By William Gibson; Read by Lorelei King
5 Broadcasts – Approx. 2.5 Hours [ABRIDGED]
Broadcaster: BBC Radio 7
Broadcast: Monday to Friday, August 3 – 7, 2009 @ 6.30pm and 12.30am
Cayce Pollard has an unusual allergy which leaves her hyper-sensitive to brand names. Instinctively aware of what products will and will not succeed, she enjoys a lucrative career in advertising. On a business trip to London, however, she finds herself involved in tracking down the maker of a strangley addictive online film – a search that proves to be extremely dangerous. This Radio 7 commission was first broadcast in 2007.

Down Payment On Death
By Jim Eldridge; Performed by a full cast
5 Broadcasts – Approx. 2.5 Hours [RADIO DRAMA]
Broadcaster: BBC Radio 7
Broadcast: Monday to Friday, August 3 – 7, 2009 @ 1.30pm, 8.30pm and 1.30am
Professional assassin Art Gordo is blackmailed into doing one last job by Clarke from ‘The Department’. Adapted by Jim Eldridge’s 1972 novel. Stars Dinsdale Landon as Art and Glyn Owen as target Allweather. First broadcast in 1976 on the BBC’s World Service.

Posted by Jesse Willis

Recent Arrivals from Brick by Brick

SFFaudio Recent Arrivals

We’ve received some titles from Scott Brick Presents!, where Scott Brick himself is producing and publishing some of his favorite titles.

Sword of the Lamb by M.K. WrenSword of the Lamb
By M.K. Wren; Read by Scott Brick
Publisher: Scott Brick Presents
Published: 2008

Brick calls The Phoenix Legacy “the best series you’ve never heard of”. Sword of the Lamb is the first volume, and also ready for you are Shadow of the Swan and House of the Wolf. You can read (or listen to) Scott Brick’s blog entry about the series, or here’s a less eloquent description:

In the 33rd century, a dazzling empire is poised on the brink of annihilation… Born into the House of DeKoven Woolf, Lord Alexand is heir to a mighty industrial empire. But deep at the heart of the Concord brews dangerous unrest that threatens civilization with the specter of a third dark age.

The only hope for the future is the Society of the Phoenix—a powerful revolutionary group that has sworn to overthrow the Concord. By committing to the ultimate treason and joining forces with his own brother, martyred leader of the Phoenix, Alexand will forfeit more than just his birthright of power.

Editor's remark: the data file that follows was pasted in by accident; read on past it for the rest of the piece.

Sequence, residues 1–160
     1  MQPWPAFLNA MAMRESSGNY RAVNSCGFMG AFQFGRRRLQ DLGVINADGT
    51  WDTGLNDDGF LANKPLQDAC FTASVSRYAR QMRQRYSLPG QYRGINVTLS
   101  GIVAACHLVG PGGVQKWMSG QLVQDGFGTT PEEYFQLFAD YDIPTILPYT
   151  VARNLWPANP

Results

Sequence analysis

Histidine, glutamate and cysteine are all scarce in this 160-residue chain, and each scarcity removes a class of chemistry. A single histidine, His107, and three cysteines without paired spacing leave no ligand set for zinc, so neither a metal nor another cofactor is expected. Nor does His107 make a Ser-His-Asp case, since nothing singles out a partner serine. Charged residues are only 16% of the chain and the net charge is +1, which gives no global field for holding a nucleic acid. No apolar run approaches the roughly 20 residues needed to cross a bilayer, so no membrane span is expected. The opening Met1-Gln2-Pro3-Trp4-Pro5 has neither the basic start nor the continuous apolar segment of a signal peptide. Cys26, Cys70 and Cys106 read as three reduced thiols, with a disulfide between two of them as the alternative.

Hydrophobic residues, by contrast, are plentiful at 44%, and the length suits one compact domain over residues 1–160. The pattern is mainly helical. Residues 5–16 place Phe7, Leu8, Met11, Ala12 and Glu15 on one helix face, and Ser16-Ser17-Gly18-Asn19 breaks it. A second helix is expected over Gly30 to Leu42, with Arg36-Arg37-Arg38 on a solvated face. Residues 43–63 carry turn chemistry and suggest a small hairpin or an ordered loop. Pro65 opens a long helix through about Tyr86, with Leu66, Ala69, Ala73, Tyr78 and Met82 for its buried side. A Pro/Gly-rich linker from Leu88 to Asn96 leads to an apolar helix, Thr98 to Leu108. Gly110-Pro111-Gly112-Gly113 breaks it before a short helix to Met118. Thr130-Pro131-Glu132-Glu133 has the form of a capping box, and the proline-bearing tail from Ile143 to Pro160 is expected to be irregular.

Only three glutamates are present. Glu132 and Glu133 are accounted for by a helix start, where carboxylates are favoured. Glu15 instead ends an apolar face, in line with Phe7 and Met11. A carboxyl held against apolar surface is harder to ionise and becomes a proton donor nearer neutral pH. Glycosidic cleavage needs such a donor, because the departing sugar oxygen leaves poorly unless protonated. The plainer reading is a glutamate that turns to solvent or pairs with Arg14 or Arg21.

Lord Foul's Bane by Stephen R. DonaldsonLord Foul’s Bane
The Chronicles of Thomas Covenant the Unbeliever, BOOK ONE
By Stephen R. Donaldson; Read by Scott Brick
Publisher: Scott Brick Presents
Published: 2008

This is the first novel published by Scott Brick Presents, and Scott tells you why the series means much to him on his blog. Also for sale are Book 2 (The Illearth War) and Book 8 (Fatal Revenant), with Book 3 (The Power That Preserves) in the wings, awaiting its cue.
Frankenstein by Mary ShelleyFrankenstein
By Mary Shelley, Read by Scott Brick
Publisher: Scott Brick Presents
Published: 2009

Scott reads this version of Frankenstein, from the original 1818 text. Why? He talks about it in his blog.

Posted by Scott D. Danielson

ABC RN’s Philosopher’s Zone on Frankenstein

SFFaudio Online Audio

ABC Radio National - The Philosopher’s ZoneABC Radio National has some of the best podcast radio shows. It rivals the Canadian Podcasting Corporation’s own terrific podcasts in many respects. One show I get to talk about here every once in a while is The Philosopher’s Zone. The latest show to makes me say: “Hey, check it out.” is…

|MP3| It’s alive! Frankenstein, science and philosophy in the Romantic period

The show talks about a new collection of essays about Mary Shelly’s novel and the science of her era.

I took a Women’s Studies course that talked a lot about the feminist interpretations of the novel. The arguments made, made a lot of sense, and still do. But, this show delivers other arguments.

Subscribe to the podcast feed:

Posted by Jesse Willis

The SFFaudio Podcast #007


The SFFaudio PodcastThe SFFaudio Podcast #007 is so lucky! We’re super hoop-jumping, in this deadly to DRM show – we’re unspooling fences and digging ditches – working around the work-arounds – so, the long and the short:

Scott: Argument is an intellectual process. Contradiction is just the automatic gainsaying of any statement the other person makes.

Jesse: No it isn’t.

Topics discussed include:
Golden Age Comic Book Stories, Argosy magazine covers, Pellucidar, At The Earth’s Core, Edgar Rice Burroughs, LibriVox, A Princess Of Mars, multiple narrators, Ender’s Game, Stephen King, The Dark Tower, Frank Muller, George Guidall, Criminal Minds, Peter Coyote, Isaac Asimov, The Foundation Trilogy, more new LibriVox titles, The Castle of Otranto, Horace Walpole, The Last Man, Mary Shelley, The Wood Beyond the World, William Morris, Cori Samuel, On The Beach, Nevil Shute, The 2nd SFFaudio Challenge, Julie D., A House-Boat On The Styx, John Kendrick Bangs, Mur Lafferty, Terry Pratchett, Neil Gaiman, public libraries,, Recorded Books, DRM,, Bill C-61, blank media and iPod levies, what makes DRM evil, Blackstone Audio‘s solution, MP3-CD players, the proper settings for blog RSS feeds, “people will never pay for something they can get for free”, donation models, the Liaden book model, Sharon Lee and Steve Miller.

Posted by Jesse Willis